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  Wikipedia: Commodore 64

Wikipedia: Commodore 64
Commodore 64
From Wikipedia, the free encyclopedia.

The Commodore 64 (C64, CBM 64) was a popular home computer of the 1980s. Announced by Commodore Business Machines (founded and owned by Jack Tramiel) in January 1982 and released in September of that year at a price of US$595, it offered unprecedented value (sound and graphics performance) for the money. Its very aggressive pricing in comparison to competitors quickly started a price war. With estimated sales between 17 and 25 million units by the time it was discontinued in 1993, the C64 became and remains the best-selling computer model of all time.

History

The cost of building each C64 was estimated at US$135 due to Commodore's vertical integration (Commodore owned MOS Technologies, who made most of the chips), leaving a large margin to work with. Commodore marketed the machine aggressively, selling it in department stores, discount stores, and toy stores in addition to its network of authorized dealers. This allowed it, like its predecessor, the VIC-20, to compete against video game consoles. In 1983, Commodore offered a $100 rebate in the United States on the purchase of a C64 upon receipt of any video game console or computer.

The success of the VIC-20 and C64 contributed significantly to the departure of Texas Instruments from the home computer field (see TI-99/4A) and to the infamous video game crash of 1983.

Commodore attempted in 1984 to replace the C64 with the Commodore Plus/4, which offered a higher-color display, a better implementation of BASIC (V3.5), and built-in software. However, it lacked sprite capability and had poorer sound, and couldn't compete with the C64's software library. It flopped, while the C64 soldiered on. As more advanced computers came onto the market, including the C64's actual successor, the fully compatible C128 (late 1985), Commodore positioned the '64 as an entry-level computer, lowering the price as necessary.

In 1986, Commodore released the Commodore 64C computer, which was functionally identical to the original, but whose exterior design was remodelled in the spirit of the C128 to reflect "modernism". The C64C often came bundled with the third-party GEOS GUI-based operating system.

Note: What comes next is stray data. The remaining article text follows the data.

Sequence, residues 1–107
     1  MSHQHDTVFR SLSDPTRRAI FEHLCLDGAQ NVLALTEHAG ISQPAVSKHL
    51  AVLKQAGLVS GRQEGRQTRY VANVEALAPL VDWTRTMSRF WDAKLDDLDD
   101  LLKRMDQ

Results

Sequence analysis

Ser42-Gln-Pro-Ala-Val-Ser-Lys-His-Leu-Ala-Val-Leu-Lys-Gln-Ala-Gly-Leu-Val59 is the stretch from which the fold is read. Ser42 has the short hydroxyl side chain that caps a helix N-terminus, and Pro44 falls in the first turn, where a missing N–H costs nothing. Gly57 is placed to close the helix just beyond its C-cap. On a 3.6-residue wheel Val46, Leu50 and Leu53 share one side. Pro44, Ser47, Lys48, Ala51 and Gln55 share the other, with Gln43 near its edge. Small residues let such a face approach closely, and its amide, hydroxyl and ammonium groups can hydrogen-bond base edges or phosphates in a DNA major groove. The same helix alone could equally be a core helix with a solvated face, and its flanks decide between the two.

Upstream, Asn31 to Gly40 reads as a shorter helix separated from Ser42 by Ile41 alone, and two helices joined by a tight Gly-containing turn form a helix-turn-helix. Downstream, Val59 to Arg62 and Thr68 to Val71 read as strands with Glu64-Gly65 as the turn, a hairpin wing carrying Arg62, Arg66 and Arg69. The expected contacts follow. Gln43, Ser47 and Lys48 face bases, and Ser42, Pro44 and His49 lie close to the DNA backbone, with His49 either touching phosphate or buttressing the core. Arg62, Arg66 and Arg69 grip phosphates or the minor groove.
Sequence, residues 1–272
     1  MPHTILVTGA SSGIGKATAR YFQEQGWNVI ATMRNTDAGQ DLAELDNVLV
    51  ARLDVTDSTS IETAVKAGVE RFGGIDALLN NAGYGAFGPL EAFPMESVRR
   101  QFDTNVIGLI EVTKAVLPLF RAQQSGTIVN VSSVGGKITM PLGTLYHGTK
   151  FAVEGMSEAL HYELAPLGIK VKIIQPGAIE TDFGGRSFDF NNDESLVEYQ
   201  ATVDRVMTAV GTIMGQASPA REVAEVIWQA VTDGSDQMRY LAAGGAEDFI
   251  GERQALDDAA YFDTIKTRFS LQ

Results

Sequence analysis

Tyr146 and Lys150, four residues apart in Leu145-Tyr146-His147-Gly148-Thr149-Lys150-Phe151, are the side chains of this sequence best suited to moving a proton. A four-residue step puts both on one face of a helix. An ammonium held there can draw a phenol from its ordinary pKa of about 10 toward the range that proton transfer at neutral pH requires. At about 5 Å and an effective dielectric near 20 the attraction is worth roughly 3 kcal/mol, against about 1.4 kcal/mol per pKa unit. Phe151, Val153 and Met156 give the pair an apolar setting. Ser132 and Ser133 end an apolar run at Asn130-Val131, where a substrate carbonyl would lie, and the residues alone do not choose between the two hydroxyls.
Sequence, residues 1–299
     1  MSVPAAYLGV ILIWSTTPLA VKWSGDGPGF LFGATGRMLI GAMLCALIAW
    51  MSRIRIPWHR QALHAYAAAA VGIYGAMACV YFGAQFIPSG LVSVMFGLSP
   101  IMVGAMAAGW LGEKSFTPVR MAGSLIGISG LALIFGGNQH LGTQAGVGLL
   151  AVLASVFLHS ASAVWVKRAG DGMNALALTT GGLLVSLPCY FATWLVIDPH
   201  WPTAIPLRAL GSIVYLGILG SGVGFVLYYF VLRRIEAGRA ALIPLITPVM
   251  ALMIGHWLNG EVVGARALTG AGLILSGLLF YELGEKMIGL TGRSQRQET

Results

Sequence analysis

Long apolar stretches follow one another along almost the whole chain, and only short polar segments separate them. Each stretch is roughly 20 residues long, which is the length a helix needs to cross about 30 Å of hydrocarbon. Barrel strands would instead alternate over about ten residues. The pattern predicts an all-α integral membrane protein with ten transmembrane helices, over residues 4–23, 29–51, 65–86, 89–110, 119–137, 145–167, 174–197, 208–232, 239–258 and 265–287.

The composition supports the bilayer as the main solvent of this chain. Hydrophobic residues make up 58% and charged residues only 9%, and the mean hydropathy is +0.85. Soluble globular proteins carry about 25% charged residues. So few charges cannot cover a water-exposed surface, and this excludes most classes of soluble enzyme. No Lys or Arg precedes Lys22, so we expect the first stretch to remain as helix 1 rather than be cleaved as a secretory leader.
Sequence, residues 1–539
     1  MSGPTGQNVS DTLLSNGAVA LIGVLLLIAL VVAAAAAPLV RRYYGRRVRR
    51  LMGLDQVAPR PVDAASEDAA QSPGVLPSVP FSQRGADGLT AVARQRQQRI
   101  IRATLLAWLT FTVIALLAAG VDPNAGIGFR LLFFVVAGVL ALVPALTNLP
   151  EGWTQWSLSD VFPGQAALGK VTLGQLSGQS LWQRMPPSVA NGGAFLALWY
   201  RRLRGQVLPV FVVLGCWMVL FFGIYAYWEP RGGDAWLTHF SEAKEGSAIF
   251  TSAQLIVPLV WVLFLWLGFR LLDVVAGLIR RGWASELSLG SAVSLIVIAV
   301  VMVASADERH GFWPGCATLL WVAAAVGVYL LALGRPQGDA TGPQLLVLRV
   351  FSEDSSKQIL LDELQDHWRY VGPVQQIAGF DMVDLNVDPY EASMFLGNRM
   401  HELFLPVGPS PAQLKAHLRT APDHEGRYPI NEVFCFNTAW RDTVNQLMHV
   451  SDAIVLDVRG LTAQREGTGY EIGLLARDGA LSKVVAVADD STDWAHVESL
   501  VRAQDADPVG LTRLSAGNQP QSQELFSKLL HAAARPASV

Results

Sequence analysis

At the time of its introduction, the C64's graphics and sound capabilities were rivaled only by the Atari 8-bit family. Due to its advanced graphics and sound, the 64 is often credited with starting a computer subculture known as the Demo Scene. As of the turn of the millennium, it is still being actively used as a demo machine, especially for music (its sound chip even being used in special sound cards for PCs). For all others than special enthusiasts, however, the C64 lost its top position when the 16-bit Atari ST and Commodore Amiga were released in the mid-80s.

Description

The C64 used an 8-bit 6510 microprocessor (a close derivative of the 6502 which had the ability to bank-switch the machine's ROM in and out of the processor's address space) and had 64 kilobytes of RAM, of which 38 KB were available to BASIC. In the UK, the C64 rivalled the British-built Sinclair ZX Spectrum in popularity, benefitting from a full-sized full-travel keyboard and more advanced graphics and sound chips.

The graphics chip, VIC-II, featured 16 colors, eight sprites, scrolling capabilities, and two bitmap graphics modes. The standard text mode featured 40 columns, like most Commodore PET models. Computer/video game and demo programmers quickly learned how to exploit quirks in the VIC-II to gain additional capabilities, like making more than 8 sprites appear, and move, simultaneously.